Lengola, Lot 39:
               
               
              Regards,
               
              Paul
               
               
               
               
              ----- Original Message -----
              Sent: Sunday, June 11, 2006 9:57 PM
              Subject: Re: [African_Arts] Art Authenticity

              As Lee writes in his short essay on selling African art there are many factors beyond authenticity that inform auction houses and other such institutions with regard to the value of pieces.  Unfortunately, the value of a piece may have more to do with provenance than with authenticity.

               

              This situation is not unique to tribal art and is due to the serious difficulty even experts encounter in authenticating pieces.  John Monroe comments that the dealer’s name serves as a kind of “signature” for African art offered at auction.  In other words, the name of a reputable dealer serves as a guarantee that the object is “real”.

               

              Say a man finds a Picasso in a junk shop, buys it, takes it home, displays it, and then tries to sell it through Sotheby’s.  He will get turned down flat.  The painting may be authentic but it has no provenance to reassure a high-end buyer.

               

              Good provenance may mean an object comes from a respected dealer.  It may also mean the object comes from the collection of a celebrity, or that of a well-to-do society person who has mixed in the milieu of collectors. 

               

              Next week, Sotheby’s will offer at auction in Paris 57 pieces from the collection of John and Nicole Ditenfass.  John Ditenfass, a socially prominent psychiatrist, has been collecting African art for 40 years and is well known to prominent galleries and collectors.

               

              David Norden, who owns an African art gallery in Antwerp , comments on his website:

               

              Are these 40 very high estimated pieces to be considered as the Dintenfass collection when everyone knows that in fact is a collection with 1500 pieces?  Some of you interested in this nice but small Luba at 150.000?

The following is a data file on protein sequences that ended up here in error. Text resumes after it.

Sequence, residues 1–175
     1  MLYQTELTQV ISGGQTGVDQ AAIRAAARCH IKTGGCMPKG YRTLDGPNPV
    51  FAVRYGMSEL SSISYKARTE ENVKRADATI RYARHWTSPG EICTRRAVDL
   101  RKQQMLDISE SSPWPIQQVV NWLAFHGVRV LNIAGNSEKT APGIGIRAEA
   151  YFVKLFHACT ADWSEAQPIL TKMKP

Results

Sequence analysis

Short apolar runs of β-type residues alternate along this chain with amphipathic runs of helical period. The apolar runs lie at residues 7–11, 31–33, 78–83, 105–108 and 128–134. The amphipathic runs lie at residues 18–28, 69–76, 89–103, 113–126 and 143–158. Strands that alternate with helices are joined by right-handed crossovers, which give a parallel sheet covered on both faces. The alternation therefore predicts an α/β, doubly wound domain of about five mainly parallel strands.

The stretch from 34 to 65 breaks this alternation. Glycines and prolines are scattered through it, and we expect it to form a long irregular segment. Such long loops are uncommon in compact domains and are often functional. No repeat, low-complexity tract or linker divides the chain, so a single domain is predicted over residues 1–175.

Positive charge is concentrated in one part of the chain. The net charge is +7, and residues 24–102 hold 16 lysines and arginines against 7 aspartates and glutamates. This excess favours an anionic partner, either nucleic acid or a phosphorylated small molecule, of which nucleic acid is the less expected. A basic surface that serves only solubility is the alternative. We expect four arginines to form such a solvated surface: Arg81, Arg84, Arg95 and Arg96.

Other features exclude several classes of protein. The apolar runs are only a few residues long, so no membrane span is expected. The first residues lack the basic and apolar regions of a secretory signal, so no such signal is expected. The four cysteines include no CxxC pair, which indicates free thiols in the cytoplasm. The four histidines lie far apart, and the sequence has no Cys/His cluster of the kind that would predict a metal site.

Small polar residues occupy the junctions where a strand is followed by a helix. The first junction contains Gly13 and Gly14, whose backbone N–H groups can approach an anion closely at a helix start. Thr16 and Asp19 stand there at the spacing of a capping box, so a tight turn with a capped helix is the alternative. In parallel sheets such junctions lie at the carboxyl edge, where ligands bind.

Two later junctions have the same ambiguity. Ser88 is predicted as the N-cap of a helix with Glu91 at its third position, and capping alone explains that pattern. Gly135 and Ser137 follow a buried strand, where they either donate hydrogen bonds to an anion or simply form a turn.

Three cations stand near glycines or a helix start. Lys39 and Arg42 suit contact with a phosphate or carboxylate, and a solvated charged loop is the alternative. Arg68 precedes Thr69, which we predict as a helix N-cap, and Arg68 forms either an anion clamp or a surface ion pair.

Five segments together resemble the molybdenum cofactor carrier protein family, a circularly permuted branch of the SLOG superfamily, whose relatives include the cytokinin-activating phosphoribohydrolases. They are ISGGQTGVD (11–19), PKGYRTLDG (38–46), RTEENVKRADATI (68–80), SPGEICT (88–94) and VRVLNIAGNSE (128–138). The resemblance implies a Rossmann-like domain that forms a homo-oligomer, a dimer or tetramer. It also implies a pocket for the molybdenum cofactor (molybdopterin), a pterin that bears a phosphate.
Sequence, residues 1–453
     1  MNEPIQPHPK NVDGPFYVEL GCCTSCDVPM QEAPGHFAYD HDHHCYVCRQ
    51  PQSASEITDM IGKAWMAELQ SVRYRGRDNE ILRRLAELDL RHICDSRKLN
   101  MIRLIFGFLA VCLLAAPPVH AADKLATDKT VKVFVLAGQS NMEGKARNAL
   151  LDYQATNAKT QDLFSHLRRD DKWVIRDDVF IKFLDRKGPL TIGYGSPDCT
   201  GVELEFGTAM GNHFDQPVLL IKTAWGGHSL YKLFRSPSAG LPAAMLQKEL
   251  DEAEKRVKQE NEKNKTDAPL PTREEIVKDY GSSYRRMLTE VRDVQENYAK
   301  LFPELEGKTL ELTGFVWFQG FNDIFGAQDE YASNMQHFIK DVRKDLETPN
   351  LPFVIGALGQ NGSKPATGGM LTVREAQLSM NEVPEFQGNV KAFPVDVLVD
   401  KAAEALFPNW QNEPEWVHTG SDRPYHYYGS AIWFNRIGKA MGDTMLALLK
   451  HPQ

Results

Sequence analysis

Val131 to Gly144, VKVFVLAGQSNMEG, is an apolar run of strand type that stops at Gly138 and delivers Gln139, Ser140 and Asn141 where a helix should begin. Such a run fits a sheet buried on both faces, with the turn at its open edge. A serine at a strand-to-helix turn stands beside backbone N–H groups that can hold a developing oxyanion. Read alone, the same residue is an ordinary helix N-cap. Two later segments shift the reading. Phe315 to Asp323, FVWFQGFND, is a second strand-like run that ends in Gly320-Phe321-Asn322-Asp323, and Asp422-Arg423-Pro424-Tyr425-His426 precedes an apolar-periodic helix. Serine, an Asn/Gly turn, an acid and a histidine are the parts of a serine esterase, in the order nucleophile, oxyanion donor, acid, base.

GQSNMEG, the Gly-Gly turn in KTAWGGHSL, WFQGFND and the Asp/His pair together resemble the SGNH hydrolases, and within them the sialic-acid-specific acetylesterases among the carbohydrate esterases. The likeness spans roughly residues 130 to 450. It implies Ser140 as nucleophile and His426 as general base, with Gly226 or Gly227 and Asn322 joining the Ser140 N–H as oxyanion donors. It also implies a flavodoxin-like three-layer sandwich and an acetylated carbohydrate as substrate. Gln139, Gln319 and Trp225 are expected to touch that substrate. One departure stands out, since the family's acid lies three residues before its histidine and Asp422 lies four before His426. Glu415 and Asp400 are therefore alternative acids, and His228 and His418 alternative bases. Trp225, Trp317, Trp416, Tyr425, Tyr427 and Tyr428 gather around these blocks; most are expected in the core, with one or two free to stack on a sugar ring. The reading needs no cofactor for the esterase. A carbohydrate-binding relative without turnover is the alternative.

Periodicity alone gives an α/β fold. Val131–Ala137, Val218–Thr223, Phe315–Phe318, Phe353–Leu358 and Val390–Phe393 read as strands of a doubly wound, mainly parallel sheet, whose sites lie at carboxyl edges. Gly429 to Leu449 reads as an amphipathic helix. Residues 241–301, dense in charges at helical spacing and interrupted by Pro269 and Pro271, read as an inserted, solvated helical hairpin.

It is interesting to see that even professionals such as Norden can be taken aback by auction house strategies.  The point is, Dintenfass  has become a brand.  “Branding” is where much of an object’s value comes from in a value chain.  Coca-Cola, Toyota , Steuben Glass, etc, Dintenfass!

               

              If you examine the pieces on the Sotheby’s website, there certainly are surprises in the size of the pre-sale estimates.  (I limit my observations to some of the 23 pieces of Congolese origin because that is my area of expertise.)

               

              Lot 39, Lengola Figure,15.5cm, Est : 6,000 – 9,000 Eur.  Although it is nice to see an object from a Congolese culture that has not generally been highlighted in Sotheby’s catalogues in the past (with the notable exception of the Lengola Ubanga Nyami, Lot #108 in the Britt Family Collection auctioned in November 2005), this piece is quite small and unremarkable for the estimated price of approx. $9,000 - $12,000.

               

               Lengola, Lot 39

               

              Nor, is there anything extraordinary about the Luba piece ( Lot 41, 20cm, Est:  7,000 -10,000 Eur).  I do not think this piece is Luba.  The arms, shoulders, and upper torso are reminiscent more of the pre-Bembe groups but I would tentatively assign the piece to one of the groups neighboring the Luba in the area around Nyunzu in the north Katanga , perhaps Bakalanga.  The art is not particularly strong and the piece does not appear to be particularly old.  The pre-auction estimate of approx. $9,500 to $13,500 seems way too high.

               

               

               Luba, Lot 41

               

              Another Luba piece, very striking in its apparent age and authenticity ( Lot 44, 27cm, Est: 150,000 – 180,000 Eur) raises interesting issues related to aesthetics.  The piece is an old Luba power object, an object that was often carved in the past by the owner/practitioner and not by a professional sculptor working inside the court.

               

                Luba, Lot 44